WABI (Channel 5) reported on the 5th annual Undergraduate Research and Academic Showcase sponsored by UMaine’s Center for Undergraduate Research (CUGR). Presentations from 149 students in the form of 77 posters, 21 oral presentations or performances, and nine exhibits were featured. Several presentations included multiple students. Ali Abedi, director of CUGR, told WABI the showcase gives students an opportunity to learn how to present themselves and their project, as well as write proposals. Awards were given to students in each presentation category. Ten winners of $3,000 Summer Research and Creative Academic Achievements Fellowships were also announced at the event.
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Student research was displayed during the 5th annual Undergraduate Research and Academic Showcase on April 1.
The event, sponsored by UMaine’s Center for Undergraduate Research (CUGR), was open to any undergraduate at the university and featured presentations from 149 students in the form of 77 posters, 21 oral presentations or performances, and nine exhibits. Several presentations included multiple students.
Following are the winning presentations:
Nicole Curtis-Bray (electrical and computer engineering), “Remote Excitation of the Resonant Transverse Shear Mode in AT-cut quartz;” adviser: John Vetelino
Paige Martin (molecular and biomedical sciences), “Exosome-Mediated Drug Delivery for Treatment of Brain Cancer;” adviser: Carol Kim (first place)
Christine Gilbert (Honors), “Sustainability Inconvenient Discourse;” adviser: Mark Haggerty (second place)
Samuel Hatch and Emily Blackwood (anthropology), “Native American Plant Use: Pollen Analysis of Shell Middens;” adviser: Brian Robinson (first place)
Chi Truong (chemical and biological engineering), “Separation of Sodium Acetate from Maine hardwood extract via Electrodialysis;” adviser: Joseph Geneco (second place)
Elizabeth Chenevert, Rebekah Flanders, Lindsay Thornton and Sylvia Paradis-Reynolds (nursing), “Radon Detect To Protect;” adviser: Elizabeth Bicknell (third place)
Also announced at the showcase were the 10 winners of a $3,000 Summer Research and Creative Academic Achievements Fellowship:
Danielle Walczak (communication and journalism), “Fresh Light: Maine’s Young Small Diversified Farmers Growing Hope in Maine;” adviser: Margaret Nagle
Gwendolyn Beacham (molecular and biomedical sciences), “Towards Understanding Cluster E Phage Integration and Maintenance of Lysogeny;” adviser: Sally Molloy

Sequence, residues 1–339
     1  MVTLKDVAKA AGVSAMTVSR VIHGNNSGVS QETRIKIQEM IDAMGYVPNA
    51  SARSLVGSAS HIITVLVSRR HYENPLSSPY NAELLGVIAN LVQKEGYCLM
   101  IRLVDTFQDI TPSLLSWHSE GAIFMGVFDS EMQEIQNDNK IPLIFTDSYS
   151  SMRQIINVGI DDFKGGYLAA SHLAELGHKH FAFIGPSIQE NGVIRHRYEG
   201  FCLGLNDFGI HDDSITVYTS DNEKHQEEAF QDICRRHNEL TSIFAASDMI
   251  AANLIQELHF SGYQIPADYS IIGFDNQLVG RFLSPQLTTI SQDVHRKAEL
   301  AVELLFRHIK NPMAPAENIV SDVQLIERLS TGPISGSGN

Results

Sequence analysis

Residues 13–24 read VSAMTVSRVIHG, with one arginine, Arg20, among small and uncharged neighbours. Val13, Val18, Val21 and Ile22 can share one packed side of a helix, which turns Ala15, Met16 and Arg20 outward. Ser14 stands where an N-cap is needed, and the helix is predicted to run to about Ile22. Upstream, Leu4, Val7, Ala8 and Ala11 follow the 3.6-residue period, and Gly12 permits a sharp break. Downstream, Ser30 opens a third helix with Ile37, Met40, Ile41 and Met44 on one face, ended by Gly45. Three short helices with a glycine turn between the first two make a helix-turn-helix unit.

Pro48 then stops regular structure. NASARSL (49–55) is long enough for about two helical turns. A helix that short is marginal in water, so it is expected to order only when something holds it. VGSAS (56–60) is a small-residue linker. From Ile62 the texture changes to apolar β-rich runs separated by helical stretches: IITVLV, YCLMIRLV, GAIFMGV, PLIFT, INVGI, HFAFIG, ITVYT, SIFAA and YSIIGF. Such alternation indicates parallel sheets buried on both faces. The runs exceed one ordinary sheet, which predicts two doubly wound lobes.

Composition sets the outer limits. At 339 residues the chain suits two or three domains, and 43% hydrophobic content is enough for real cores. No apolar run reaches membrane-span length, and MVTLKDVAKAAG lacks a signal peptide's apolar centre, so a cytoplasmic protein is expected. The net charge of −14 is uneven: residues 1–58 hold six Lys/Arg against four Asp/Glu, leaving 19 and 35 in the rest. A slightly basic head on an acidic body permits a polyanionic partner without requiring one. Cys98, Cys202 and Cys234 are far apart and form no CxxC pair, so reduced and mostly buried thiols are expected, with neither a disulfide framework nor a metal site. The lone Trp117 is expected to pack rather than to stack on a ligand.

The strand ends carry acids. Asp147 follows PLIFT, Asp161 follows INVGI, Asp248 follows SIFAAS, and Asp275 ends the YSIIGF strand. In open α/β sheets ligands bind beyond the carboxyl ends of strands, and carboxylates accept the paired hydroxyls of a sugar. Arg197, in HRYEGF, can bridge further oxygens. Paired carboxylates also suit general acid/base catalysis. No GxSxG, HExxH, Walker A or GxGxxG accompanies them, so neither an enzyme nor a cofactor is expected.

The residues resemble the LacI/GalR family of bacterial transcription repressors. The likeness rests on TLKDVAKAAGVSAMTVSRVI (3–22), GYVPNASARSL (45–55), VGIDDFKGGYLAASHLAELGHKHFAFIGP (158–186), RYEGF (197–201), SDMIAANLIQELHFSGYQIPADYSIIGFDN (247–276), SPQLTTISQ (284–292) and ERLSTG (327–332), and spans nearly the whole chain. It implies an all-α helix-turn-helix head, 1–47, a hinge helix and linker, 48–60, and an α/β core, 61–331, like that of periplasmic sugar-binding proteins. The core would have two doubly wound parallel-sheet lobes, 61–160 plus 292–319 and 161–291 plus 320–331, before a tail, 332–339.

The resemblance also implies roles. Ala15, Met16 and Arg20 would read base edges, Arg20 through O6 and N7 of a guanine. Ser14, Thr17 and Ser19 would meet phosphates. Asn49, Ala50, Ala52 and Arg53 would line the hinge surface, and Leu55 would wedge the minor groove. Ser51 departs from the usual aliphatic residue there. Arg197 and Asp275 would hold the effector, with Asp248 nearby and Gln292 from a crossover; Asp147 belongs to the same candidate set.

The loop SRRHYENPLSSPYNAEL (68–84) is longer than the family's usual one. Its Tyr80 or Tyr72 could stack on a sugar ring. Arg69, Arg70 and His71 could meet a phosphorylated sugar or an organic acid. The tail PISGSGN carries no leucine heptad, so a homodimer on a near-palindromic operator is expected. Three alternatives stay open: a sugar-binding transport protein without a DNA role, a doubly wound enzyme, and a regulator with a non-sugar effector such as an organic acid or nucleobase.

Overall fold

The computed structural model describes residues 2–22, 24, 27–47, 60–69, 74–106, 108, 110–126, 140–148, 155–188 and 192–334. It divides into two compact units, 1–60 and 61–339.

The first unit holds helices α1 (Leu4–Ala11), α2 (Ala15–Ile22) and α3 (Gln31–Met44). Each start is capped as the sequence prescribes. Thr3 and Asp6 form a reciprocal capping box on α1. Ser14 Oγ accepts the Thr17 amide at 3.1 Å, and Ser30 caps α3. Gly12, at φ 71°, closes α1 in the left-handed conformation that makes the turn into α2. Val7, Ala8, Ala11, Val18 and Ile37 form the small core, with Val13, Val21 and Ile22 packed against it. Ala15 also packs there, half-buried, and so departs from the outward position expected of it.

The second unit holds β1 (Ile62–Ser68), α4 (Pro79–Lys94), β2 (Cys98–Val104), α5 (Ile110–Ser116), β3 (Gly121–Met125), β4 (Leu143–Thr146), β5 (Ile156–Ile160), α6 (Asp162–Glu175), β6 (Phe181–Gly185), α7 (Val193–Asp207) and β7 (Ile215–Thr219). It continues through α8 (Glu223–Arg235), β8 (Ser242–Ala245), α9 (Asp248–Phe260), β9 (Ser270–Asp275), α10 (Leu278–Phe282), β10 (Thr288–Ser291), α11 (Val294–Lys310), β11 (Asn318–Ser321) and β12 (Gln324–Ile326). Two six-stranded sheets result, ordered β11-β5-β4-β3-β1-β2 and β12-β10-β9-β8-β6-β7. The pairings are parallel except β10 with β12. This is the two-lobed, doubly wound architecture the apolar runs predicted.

Marissa Bovie (anthropology), “Landscape Evolution and Human Agency Along Croatia’s Adriatic Coast;” adviser: Greg Zaro
Tyler Roy (psychology), “Activated Microglia in a Mouse Model of Chemo-Brain;” adviser: Thane Fremouw
Julia Sell (physics), “Platinum-Zirconium Diboride (Pt-ZrB2) Multilayer Thin Film Structures for Sensor Applications in Harsh High;” adviser: Robert Lad
Torey Bowser (marine sciences), “Arsenic Exposure of Zebrafish (Danio rerio) Embryos and the Potential to Affect Adult Fish Behavior;” adviser: Rebecca Van Beneden
Katrina Harris (molecular and biomedical sciences), “Identification of Genome and Integration Morphology of Mycobacteriophages ChipMunk and EvilGenius;” adviser: Keith Hutchison
Amy Fish (food and agriculture), “Evaluation of Persistence Factors in C.pseudotuberculosis;” adviser: Anne Lichtenwalner
Taylor Merk-Wynne (mechanical engineering), “Micromechanical Modeling of Fiber Reinforced Composites;” adviser: Senthil Vel
Juliana Tavora (marine sciences), “Satellite-Measured Bio-Optical Measurements of Lagoa dos Patos, Brazil;” adviser: Andrew Thomas
The Bangor Daily News spoke with Robert Milardo, a professor of family relations at the University of Maine, for the article “Glenburn family upset after 13-year-old girl, older sister turned away from father-daughter dance.” Milardo said father-daughter and mother-son dances are “wonderful ideas in principle” because they recognize the important roles parents play in children’s lives, but many children in the U.S. don’t have those relationships. “The demographic reality of families today is that they are more diverse than they were in the past,” he said, adding that the dances can be “hurtful” to children in nontraditional families. Milardo says organizations that host such events should provide alternate options, such as “surrogate dads,” to ensure all students feel included.
University of Maine undergraduate research will be highlighted during the 5th annual Undergraduate Research and Academic Showcase, 8 a.m.–5 p.m., Tuesday, April 1 at Wells Conference Center.
The event is sponsored by UMaine’s Center for Undergraduate Research and is open to any undergraduate at the university. Presentations from 149 students in the form of 77 posters, 21 oral presentations or performances, and nine exhibits will be featured. Several presentations include multiple students.
Students presenting projects that receive the highest scores from judges in each format will receive awards ranging from $100 to $200 in various categories, according to Ali Abedi, director of the Center for Undergraduate Research (CUGR).
Vice President for Research Carol Kim will deliver opening remarks at 8:30 a.m. Students are encouraged to pose questions for Kim via Twitter using #CUGR2014.
UMaine President Paul Ferguson is expected to give closing remarks during the awards presentation starting at 4:30 p.m., followed by the announcement of the Summer Research and Creative Academic Achievements Fellowship winners by Executive Vice President for Academic Affairs and Provost Jeff Hecker. Ten students will each be awarded a $3,000 fellowship for their research.
The UMaine community and general public are welcome to attend the free event. For more information or to request disability accommodations, call CUGR, 207.581.3583. More information on the showcase is available online.
Contact: Elyse Kahl, 207.581.3747
University of Maine graduate students will showcase their research and artistic works during the Graduate Student Government’s 2014 Graduate Academic Exposition.
More than $8,000 in prizes will be awarded to participants of the GradExpo. The event will be held 8 a.m.–4 p.m. Thursday and Friday, April 3–4 in the Innovative Media Research and Commercialization (IMRC) Center on campus.
The GradExpo will feature four areas of competition — posters, oral presentations, intermedia and fine arts exhibits, and a PechaKucha, or rapid-fire slide show event. About 106 submissions are expected at this year’s event.